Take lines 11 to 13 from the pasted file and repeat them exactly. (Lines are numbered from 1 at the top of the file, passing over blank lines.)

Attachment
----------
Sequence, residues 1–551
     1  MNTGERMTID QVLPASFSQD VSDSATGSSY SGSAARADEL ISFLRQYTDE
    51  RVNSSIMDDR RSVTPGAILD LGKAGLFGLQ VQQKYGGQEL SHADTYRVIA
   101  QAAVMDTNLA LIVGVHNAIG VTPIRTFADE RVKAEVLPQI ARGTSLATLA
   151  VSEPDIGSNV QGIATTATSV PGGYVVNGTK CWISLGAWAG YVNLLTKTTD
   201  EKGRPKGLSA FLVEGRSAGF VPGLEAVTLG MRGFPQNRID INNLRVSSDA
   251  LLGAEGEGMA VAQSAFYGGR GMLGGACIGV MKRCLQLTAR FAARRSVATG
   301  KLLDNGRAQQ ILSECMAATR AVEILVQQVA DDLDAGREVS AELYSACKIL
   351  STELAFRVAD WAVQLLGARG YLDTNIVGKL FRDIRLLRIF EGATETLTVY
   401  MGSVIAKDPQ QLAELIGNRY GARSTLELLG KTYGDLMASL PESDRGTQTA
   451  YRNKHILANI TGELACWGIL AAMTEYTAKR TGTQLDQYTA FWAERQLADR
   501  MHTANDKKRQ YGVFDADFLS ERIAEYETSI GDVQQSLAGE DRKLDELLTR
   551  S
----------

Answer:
   451  YRNKHILANI TGELACWGIL AAMTEYTAKR TGTQLDQYTA FWAERQLADR
   501  MHTANDKKRQ YGVFDADFLS ERIAEYETSI GDVQQSLAGE DRKLDELLTR
   551  S